Dirty money, tidy profits

"It's the dumb and greedy who get caught," says Stephen Schneider, a criminologist at St. Mary's University in Halifax who recently wrote a report for the RCMP on money laundering in Canada. Only between 5 and 10 per cent are ever nabbed, he says, and "that's no indictment of law enforcement or the laws. It's simply the nature of the beast."

The Toronto Star
June 18, 2004

Dirty money, tidy profits
Money laundering, a crime made famous by Al Capone, is a Byzantine multi-billion-dollar industry
Rita Daly

When Chicago gangster Al Capone set up coin-operated launderettes to hide his bootlegging profits in the 1920s, money laundering wasn't even an offence.

Decades later, countries worldwide including Canada have made concerted efforts to crack down — with little success — on what has ballooned into a multi-billion dollar illegal business that in many cases still operates out of mom-and-pop establishments.

"It's the dumb and greedy who get caught," says Stephen Schneider, a criminologist at St. Mary's University in Halifax who recently wrote a report for the RCMP on money laundering in Canada.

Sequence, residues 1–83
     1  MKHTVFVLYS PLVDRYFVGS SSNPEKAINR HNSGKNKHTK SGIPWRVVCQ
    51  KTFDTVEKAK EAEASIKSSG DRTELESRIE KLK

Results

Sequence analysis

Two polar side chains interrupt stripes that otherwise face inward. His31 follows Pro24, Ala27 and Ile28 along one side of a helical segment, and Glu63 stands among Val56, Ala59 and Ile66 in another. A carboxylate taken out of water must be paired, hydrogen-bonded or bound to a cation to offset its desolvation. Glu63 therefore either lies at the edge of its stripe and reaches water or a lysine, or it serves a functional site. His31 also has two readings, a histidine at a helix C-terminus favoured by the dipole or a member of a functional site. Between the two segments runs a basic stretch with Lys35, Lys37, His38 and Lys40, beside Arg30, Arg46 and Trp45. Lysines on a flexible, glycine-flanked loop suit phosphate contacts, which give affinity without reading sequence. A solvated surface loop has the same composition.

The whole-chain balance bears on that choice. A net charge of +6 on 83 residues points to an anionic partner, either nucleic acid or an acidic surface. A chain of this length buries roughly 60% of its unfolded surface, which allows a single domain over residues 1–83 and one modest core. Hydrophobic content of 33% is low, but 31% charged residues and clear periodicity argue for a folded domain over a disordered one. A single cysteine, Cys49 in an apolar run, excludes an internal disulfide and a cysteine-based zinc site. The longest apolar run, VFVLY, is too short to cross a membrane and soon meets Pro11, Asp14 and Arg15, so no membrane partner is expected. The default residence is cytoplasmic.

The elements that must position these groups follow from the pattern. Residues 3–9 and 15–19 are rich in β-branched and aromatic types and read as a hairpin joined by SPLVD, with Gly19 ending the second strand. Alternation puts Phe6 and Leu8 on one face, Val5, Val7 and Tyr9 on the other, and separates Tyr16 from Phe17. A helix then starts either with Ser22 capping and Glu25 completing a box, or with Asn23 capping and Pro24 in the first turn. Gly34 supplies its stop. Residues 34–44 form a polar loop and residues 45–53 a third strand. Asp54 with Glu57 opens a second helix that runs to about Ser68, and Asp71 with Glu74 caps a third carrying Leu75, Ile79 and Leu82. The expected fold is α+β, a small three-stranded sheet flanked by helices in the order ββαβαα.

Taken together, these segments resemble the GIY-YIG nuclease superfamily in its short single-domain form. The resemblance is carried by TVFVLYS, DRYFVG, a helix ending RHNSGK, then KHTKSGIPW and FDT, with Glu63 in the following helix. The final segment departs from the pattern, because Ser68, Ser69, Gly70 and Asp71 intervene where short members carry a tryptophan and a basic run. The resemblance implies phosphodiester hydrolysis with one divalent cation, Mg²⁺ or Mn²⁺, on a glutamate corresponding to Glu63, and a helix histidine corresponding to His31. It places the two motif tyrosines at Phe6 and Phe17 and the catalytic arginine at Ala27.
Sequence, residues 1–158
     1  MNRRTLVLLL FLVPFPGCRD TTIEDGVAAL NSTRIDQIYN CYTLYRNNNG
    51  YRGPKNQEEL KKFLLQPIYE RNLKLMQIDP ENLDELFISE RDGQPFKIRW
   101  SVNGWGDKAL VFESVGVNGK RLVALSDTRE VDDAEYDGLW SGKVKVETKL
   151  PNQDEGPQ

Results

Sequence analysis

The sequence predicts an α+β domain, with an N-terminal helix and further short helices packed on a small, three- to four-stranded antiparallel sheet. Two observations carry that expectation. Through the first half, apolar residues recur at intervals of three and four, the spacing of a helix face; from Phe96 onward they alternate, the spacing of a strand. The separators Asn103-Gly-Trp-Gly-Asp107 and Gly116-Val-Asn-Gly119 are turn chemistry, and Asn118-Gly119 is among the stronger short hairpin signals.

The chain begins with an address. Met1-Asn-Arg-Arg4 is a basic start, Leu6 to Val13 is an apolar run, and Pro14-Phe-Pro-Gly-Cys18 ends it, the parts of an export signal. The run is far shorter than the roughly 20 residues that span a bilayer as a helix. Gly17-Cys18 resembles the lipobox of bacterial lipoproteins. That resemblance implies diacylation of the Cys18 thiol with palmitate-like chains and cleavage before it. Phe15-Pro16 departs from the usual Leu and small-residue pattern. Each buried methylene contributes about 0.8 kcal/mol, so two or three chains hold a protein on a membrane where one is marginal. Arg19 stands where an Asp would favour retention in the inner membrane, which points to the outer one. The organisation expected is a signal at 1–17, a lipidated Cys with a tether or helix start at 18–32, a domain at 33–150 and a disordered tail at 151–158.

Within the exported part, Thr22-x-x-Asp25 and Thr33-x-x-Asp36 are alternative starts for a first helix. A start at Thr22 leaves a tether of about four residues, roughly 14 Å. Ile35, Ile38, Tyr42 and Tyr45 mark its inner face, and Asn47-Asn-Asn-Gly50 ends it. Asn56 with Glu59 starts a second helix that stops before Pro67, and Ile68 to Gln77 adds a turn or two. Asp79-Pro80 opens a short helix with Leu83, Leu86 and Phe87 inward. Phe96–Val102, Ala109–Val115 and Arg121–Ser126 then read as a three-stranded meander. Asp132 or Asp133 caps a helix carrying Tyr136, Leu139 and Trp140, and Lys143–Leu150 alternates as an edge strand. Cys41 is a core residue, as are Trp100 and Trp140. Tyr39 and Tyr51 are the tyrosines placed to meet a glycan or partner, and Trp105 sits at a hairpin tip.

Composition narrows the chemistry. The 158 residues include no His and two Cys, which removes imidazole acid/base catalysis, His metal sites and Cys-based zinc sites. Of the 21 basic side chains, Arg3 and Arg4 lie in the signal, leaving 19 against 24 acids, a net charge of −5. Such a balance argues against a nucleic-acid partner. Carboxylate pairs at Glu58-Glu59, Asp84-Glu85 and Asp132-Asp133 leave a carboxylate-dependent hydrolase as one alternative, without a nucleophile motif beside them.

Only between 5 and 10 per cent are ever nabbed, he says, and "that's no indictment of law enforcement or the laws. It's simply the nature of the beast."

It explains, in part, why most were surprised by this week's arrest of prominent Toronto lawyer Peter Shoniker, along with jeweller Babak (Bobby) Adeli Tabrizi, on charges of money laundering in an elaborate sting operation.

The charges involve the transfer of $750,000 in Canadian money to the United States that allegedly was illegally gained.

"Very few individuals outside of drug traffickers have been charged with money laundering," Schneider says.

"Those that have are usually lawyers."